WHO minority report: the zombie plague is already upon us
Outbreaks of zombiism have been occurring for years, and soon we won’t be able to sweep them under the rug. These are the contentious allegations put forward by a new report published by the Cardiff office of the World Health Organization (WHO). Co-authored by the Atlanta, GA branch of the Center for Disease Control and Prevention (CDC), the report sheds new light on a number of recent high-profile outbreaks of disease.
This “zombie” virus, the report claims, is both the byproduct of nature and of our own attempts to cure disease. It began in 2002, when Cambridge scientists identified a strain of Trypanosoma brucei gambiense (the parasite responsible for what we call “sleeping sickness”) that was itself infected with the Ebola virus. The infected strain of Trypanosoma was discovered in three individual chimpanzees exhibiting a range of symptoms—including both Ebola’s tell-tale hemorrhagic fever and the changes of behavior, confusion, and poor coordination associated with sleeping sickness.
Seeing the dire state of the animals, the Cambridge team set out assessing the risk of human spillover. In their efforts to understand the relationship between the Ebola virus and its parasitic host, the team exposed one of the three chimps to high doses of radiation. Instead of killing the single-celled Trypanosoma, the radiation partially broke down the genetic material of the Ebola virus, effectively merging it with its host in the form of a new organelle.
The virus-fused Trypanosoma (hereafter referred to simply as the T-virus) could have proven invaluable to the Cambridge team’s research, but shortly after its creation the entire project was shut down amidst allegations of animal rights violations.
The story, WHO Cardiff urges, does not end there. The Cardiff report alleges that the three chimpanzees, including the one infected with the T-virus, fell into the hands of PETA activists. These activists are the same individuals, the claim goes on, that showed up on WHO Cardiff’s own doorstep one week later looking for treatment for animal bite marks. “Had we known what they were infected with, we might have been able to stop this madness then and there,” states team leader Isaac Clarke.
Unfortunately, nobody outside the now-defunct Cambridge lab had any idea of the existence of T-virus at the time. WHO Cardiff diagnosed the infection as traditional Ebola, siting the PETA activists’ recent travel to Africa as the culprit. This was the beginning of the zombie epidemic. Over the last few years, the Cardiff team has watched as “Ebola” outbreaks increase both in number and frequency across the globe.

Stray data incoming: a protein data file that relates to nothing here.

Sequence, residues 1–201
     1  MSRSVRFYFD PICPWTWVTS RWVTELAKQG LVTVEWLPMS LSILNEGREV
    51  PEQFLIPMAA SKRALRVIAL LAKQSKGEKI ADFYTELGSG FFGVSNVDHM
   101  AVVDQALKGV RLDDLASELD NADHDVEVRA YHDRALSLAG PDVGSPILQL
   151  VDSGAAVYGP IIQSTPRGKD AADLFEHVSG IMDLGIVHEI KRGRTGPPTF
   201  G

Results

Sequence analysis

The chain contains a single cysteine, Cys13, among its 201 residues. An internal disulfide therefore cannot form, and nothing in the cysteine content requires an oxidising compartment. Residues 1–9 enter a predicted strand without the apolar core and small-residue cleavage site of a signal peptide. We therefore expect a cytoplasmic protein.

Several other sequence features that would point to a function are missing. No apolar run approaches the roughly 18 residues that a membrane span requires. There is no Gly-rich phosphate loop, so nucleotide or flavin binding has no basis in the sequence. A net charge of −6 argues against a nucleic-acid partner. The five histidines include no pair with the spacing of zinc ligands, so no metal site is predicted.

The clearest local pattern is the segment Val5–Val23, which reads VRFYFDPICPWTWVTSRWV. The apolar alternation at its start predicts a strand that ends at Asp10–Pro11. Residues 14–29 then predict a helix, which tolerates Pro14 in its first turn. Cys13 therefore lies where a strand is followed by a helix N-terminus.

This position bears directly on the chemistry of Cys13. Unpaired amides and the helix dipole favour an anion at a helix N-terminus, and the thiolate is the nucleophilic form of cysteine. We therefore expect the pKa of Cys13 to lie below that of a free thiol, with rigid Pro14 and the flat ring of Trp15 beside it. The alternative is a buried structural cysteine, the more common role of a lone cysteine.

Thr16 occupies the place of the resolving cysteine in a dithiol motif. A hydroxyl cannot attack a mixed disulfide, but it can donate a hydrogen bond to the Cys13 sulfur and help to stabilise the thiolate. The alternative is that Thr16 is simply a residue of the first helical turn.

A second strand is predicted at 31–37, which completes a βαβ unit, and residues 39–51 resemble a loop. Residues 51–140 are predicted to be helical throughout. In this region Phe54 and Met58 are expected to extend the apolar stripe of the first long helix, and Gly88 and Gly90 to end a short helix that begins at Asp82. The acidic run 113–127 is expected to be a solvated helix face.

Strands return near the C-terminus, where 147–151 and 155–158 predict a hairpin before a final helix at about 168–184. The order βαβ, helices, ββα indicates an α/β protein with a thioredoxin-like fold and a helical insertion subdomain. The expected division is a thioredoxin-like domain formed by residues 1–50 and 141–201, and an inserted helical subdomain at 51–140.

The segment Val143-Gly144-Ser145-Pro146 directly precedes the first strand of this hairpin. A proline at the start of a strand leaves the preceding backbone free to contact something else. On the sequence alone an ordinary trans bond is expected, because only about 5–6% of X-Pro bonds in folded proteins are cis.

“This isn’t Ebola. You don’t sit still, staring placidly for hours as you sweat blood if it’s Ebola,” says Clarke. “We knew something was wrong.” Something that jogged lab tech Shaun Riley’s memory enough for him to revisit the WHO’s own 2002 Ebola samples. By cross-referencing the symptoms exhibited by the 2002 victims, Clarke and Riley unearthed a pattern of what they believe to be cases of T-virus infections, either swept under the government rug or misdiagnosed as either traditional Ebola or unknown conditions. These cases include, but are not limited to the 2008 Fairfield incident, the 2013 rash illness that struck the Scandinavian Peninsula, as well as the Ebola outbreak that struck the Atlanta CDC last year.
Over the last year Clarke and Riley have been working with the CDC’s Dr. Edwin Jenner to nail down a full list of T-virus symptoms. As their report states, if you perceive a loved one staring off into space, fixating on sources of blue light, or binge-watching old television shows, your home could be infected. Further signs of infection include a poor understanding of time, grunts as social communication, and an unwillingness to look away from mobile devices. By the time the blood starts pouring from your loved ones eyes, it is already too late. If you fear your home has been exposed to infection please contact your local CDC or WHO office, where culling operations are already underway.
TL;DR: Shuffle on over to your local CDC for a fun, non-stop screening of every episode of The Walking Dead ever. We’re cooking s’mores after, so don’t be alarmed at the smell of smoke!
For more info how to prepare for the out break, visit the CDC here.
Or if you just want to go with it, check out how you can eat like zombie below!